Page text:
Perhaps I am bucking for a karmic penalty here, but let me take a brief moment to speak slightly ill of the dead. Neutron-bomb inventor Samuel T. Cohen, who passed away four days ago, was always a controversial figure, and not just because of his role in the atomic-weapons industry. As previously highlighted on Microkhan, Cohen was prone to making wildly exaggerated statements about his own genius and importance, and he obviously operated with a massive chip on his shoulder. But even Cohen opponents could not deny his technical brilliance—the Cold War-era RAND Corporation didn’t tap dummies for its inner circle.
Cohen may have longed to be regarded as an equal of J. Robert Oppenheimer and Edward Teller, but he did his legacy no favors in his waning years by constantly spouting off about a substance of dubious provenance: red mercury:
In recent years, Mr. Cohen prominently warned of a black market substance called red mercury, supposedly capable of compressing fusion materials to detonate a nuclear device as small as a baseball — ideal for terrorists. Most scientists call the substance mythical, and stories about it, many circulating on the Internet, are widely regarded as spurious.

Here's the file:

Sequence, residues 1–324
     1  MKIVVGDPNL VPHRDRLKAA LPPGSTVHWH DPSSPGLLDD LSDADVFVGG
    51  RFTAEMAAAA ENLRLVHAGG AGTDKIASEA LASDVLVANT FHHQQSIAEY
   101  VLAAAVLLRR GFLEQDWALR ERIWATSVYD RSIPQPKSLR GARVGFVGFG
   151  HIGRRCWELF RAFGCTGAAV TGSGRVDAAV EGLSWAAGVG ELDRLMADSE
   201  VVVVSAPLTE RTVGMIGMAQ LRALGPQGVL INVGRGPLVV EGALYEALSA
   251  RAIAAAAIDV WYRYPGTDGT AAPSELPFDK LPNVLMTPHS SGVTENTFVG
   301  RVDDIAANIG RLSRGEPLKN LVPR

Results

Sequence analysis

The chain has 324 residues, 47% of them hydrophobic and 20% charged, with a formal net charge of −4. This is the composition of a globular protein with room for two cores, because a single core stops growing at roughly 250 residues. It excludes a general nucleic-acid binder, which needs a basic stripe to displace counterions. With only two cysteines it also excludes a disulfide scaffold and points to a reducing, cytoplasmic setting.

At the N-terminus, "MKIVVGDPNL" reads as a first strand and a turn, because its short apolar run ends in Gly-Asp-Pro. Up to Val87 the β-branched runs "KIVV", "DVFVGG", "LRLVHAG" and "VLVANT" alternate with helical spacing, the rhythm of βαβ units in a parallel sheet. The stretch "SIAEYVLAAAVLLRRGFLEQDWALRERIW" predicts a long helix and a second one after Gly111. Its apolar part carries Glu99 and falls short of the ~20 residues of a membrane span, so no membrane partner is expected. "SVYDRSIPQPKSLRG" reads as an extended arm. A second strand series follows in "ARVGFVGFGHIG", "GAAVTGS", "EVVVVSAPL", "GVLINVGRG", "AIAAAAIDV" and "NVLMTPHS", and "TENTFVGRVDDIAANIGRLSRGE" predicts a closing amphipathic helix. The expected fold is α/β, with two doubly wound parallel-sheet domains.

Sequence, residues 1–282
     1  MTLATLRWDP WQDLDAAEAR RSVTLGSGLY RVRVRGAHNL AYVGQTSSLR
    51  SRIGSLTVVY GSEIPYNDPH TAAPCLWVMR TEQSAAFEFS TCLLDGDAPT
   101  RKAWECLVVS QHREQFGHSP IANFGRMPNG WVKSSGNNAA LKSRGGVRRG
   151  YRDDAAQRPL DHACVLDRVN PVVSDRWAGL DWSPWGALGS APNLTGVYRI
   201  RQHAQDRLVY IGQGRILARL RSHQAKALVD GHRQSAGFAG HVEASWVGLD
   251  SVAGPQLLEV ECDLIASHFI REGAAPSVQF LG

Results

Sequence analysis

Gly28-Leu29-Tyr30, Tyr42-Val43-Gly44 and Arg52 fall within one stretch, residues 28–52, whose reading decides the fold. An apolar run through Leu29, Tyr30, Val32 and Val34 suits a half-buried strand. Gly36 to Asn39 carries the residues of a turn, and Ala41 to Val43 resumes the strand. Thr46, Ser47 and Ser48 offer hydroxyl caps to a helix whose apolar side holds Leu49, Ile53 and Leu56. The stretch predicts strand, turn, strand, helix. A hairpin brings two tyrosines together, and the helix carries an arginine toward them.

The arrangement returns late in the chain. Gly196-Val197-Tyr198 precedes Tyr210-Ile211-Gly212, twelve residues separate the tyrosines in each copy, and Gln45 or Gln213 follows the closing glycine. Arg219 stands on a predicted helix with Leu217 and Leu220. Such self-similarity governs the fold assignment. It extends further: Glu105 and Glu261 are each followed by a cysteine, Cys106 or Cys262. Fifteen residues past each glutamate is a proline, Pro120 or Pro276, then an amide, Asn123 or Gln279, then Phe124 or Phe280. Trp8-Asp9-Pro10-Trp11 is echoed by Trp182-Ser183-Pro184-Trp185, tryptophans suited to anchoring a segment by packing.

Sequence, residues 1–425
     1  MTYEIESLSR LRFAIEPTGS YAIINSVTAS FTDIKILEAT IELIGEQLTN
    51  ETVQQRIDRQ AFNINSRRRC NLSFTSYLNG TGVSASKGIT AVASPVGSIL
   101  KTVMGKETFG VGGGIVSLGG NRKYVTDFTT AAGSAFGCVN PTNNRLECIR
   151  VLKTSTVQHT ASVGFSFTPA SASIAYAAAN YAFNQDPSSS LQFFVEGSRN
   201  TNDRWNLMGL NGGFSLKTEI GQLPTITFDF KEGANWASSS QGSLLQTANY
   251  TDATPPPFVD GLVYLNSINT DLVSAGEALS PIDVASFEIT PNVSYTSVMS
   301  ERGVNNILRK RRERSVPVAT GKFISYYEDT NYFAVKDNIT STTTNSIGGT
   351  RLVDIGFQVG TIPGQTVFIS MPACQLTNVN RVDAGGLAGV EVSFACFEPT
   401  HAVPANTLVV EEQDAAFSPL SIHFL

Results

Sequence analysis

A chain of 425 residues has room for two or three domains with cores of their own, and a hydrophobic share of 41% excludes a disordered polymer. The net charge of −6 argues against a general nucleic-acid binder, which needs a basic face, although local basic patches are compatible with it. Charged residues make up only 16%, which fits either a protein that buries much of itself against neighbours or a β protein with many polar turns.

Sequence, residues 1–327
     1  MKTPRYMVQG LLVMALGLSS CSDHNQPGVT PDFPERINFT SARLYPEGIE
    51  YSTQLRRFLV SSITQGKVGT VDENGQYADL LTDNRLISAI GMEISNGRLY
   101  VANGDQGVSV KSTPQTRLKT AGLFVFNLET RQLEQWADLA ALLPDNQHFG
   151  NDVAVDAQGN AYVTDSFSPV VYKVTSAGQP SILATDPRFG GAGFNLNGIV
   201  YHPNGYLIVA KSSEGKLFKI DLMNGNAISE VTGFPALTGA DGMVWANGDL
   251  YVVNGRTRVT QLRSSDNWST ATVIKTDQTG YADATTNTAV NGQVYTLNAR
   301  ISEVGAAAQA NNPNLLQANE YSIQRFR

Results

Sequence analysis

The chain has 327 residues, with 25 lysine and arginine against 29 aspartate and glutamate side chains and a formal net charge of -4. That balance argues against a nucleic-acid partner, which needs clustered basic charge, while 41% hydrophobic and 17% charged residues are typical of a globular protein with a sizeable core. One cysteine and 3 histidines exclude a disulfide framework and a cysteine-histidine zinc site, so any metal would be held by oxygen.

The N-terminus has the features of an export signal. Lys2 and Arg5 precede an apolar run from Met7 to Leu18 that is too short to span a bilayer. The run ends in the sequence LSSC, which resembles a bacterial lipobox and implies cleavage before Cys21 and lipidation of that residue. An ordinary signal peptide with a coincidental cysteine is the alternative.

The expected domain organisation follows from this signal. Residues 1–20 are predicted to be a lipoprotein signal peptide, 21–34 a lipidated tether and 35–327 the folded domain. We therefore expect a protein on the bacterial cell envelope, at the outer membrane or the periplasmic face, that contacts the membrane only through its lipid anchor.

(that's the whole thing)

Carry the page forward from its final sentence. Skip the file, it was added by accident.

Indeed, red mercury last made news two summers ago, when rumors swirled around Saudi Arabia that the substance was embedded in Singer sewing machines. Before that, it figured prominent in several smuggling hoaxes centered in the former Soviet Union. Cohen’s insistence on the veracity of the red mercury threat is akin to Freeman Dyson suddenly warning the world about the illicit admantium trade.
The question, then, is why a man of Cohen’s obvious intellectual prowess could be so easily duped by hokum. And I have to wonder whether his gullibility was simply a product of the aging process, which has been known to diminish critical thinking skills far more than ambition. Cohen wanted to stay relevant, and that meant finding a crusade that would set him in opposition to the establishment that had never embraced his life’s work. Unfortunately, Cohen settled on a cause of little worth, perhaps because the years had worn away his mental acuity. (He doesn’t appear to have embraced the red-mercury issue until his late 70s.)
This isn’t the first time that an accomplished, outspoken figure has tarnished their legacy by touting false theories in their golden years. Cohen’s tale reminds me of the final years of Pierre Salinger, the former White House official whose name is now synonymous with conspiratorial nuttiness. Sad stuff, but I do understand the impulse. No one wants to admit that their heyday is over, and so they grasp for ways to stay in the conversation. And that can lead to really poor decisions by otherwise brilliant folks.